FROM   other_table
         WHERE  sql = 'cool')
UPDATE A
SET    A.col1 = B.col1,
       A.col2 = B.col2
FROM   table A
       INNER JOIN cte B
               ON A.id = B.id
Peter Mortensen
22#
Peter Mortensen Reply to 2016-06-25 20:46:44Z

The other way is to use a derived table:

UPDATE t
SET t.col1 = a.col1
    ,t.col2 = a.col2
FROM (
SELECT id, col1, col2 FROM @tbl2) a
INNER JOIN @tbl1 t ON t.id = a.id

Sample data

DECLARE @tbl1 TABLE (id INT, col1 VARCHAR(10), col2 VARCHAR(10))
DECLARE @tbl2 TABLE (id INT, col1 VARCHAR(10), col2 VARCHAR(10))

INSERT @tbl1 SELECT 1, 'a', 'b' UNION SELECT 2, 'b', 'c'

INSERT @tbl2 SELECT 1, '1', '2' UNION SELECT 2, '3', '4'

UPDATE t
SET t.col1 = a.col1
    ,t.col2 = a.col2
FROM (
SELECT id, col1, col2 FROM @tbl2) a
INNER JOIN @tbl1 t ON t.id = a.id

SELECT * FROM @tbl1
SELECT * FROM @tbl2
Govind Tupkar
23#
Govind Tupkar Reply to 2016-09-08 12:02:24Z
The other way to update from select statement :

UPDATE A
SET A.col = A.col,B.col1 = B.col1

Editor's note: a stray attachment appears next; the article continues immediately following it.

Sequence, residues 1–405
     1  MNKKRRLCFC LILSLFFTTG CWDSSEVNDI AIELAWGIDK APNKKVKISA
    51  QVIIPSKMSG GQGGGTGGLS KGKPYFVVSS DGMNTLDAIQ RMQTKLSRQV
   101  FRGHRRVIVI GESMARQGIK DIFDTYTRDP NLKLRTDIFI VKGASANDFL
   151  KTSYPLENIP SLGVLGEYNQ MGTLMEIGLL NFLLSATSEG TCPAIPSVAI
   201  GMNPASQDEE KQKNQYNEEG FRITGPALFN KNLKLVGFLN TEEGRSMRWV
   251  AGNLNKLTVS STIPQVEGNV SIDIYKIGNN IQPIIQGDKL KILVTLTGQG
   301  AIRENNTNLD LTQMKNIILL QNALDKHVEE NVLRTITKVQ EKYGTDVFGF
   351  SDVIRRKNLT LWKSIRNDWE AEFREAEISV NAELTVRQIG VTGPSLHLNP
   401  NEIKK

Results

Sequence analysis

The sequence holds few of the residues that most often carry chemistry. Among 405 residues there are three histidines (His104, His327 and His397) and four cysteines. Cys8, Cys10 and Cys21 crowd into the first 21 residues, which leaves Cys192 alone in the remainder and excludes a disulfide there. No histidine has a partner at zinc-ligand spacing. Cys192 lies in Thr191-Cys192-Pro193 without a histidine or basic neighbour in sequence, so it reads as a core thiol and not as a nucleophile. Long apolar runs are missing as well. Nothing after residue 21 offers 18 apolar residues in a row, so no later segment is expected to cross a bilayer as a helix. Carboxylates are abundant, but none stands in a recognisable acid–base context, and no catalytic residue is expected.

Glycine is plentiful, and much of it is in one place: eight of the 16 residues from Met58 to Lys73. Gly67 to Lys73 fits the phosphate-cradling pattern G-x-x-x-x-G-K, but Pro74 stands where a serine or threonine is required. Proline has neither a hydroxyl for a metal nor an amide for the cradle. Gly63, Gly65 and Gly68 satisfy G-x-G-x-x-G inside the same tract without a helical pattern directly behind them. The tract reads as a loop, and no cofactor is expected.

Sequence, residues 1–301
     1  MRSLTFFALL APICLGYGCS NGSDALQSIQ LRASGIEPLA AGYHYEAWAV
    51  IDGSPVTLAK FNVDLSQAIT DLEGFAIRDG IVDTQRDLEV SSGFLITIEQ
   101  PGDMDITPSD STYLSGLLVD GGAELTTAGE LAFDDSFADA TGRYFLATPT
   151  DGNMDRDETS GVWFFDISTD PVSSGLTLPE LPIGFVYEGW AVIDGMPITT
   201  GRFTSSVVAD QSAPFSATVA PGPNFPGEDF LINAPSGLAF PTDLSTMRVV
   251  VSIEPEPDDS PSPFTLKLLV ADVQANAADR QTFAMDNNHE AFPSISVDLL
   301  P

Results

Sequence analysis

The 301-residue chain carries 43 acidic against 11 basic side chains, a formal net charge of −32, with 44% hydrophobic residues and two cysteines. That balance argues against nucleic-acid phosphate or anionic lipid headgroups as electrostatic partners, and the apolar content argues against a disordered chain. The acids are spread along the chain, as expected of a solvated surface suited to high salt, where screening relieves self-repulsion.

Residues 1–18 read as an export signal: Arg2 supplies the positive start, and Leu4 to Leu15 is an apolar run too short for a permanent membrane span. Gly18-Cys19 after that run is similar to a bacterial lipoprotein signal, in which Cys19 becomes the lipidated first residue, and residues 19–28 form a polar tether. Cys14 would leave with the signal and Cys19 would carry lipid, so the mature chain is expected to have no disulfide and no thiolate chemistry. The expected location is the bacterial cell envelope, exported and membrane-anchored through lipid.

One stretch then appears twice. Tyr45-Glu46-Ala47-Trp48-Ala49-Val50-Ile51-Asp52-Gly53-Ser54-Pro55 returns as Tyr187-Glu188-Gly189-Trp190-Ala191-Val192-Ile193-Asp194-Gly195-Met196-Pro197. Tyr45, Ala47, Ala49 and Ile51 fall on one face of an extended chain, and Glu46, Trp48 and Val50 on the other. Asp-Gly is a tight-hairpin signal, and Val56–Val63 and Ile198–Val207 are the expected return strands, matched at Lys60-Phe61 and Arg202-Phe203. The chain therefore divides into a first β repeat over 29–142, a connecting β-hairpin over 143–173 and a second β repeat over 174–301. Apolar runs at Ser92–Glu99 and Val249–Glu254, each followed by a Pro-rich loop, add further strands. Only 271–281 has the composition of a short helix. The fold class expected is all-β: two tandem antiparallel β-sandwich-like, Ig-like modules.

FROM  first_Table AS A
INNER JOIN second_Table AS B  ON A.id = B.id WHERE A.col2 = 'cool'
Yaman
24#
Yaman Reply to 2016-11-30 21:06:38Z
UPDATE TQ
SET TQ.IsProcessed = 1, TQ.TextName = 'bla bla bla'
FROM TableQueue TQ
INNER JOIN TableComment TC ON TC.ID = TQ.TCID
WHERE TQ.IsProcessed = 0

To make sure you are updating what you want, select first

SELECT TQ.IsProcessed, 1 AS NewValue1, TQ.TextName, 'bla bla bla' AS NewValue2
FROM TableQueue TQ
INNER JOIN TableComment TC ON TC.ID = TQ.TCID
WHERE TQ.IsProcessed = 0
Bartosz X
25#
Bartosz X Reply to 2017-01-26 13:28:32Z

There is even a shorter method and might be surprising for many of you: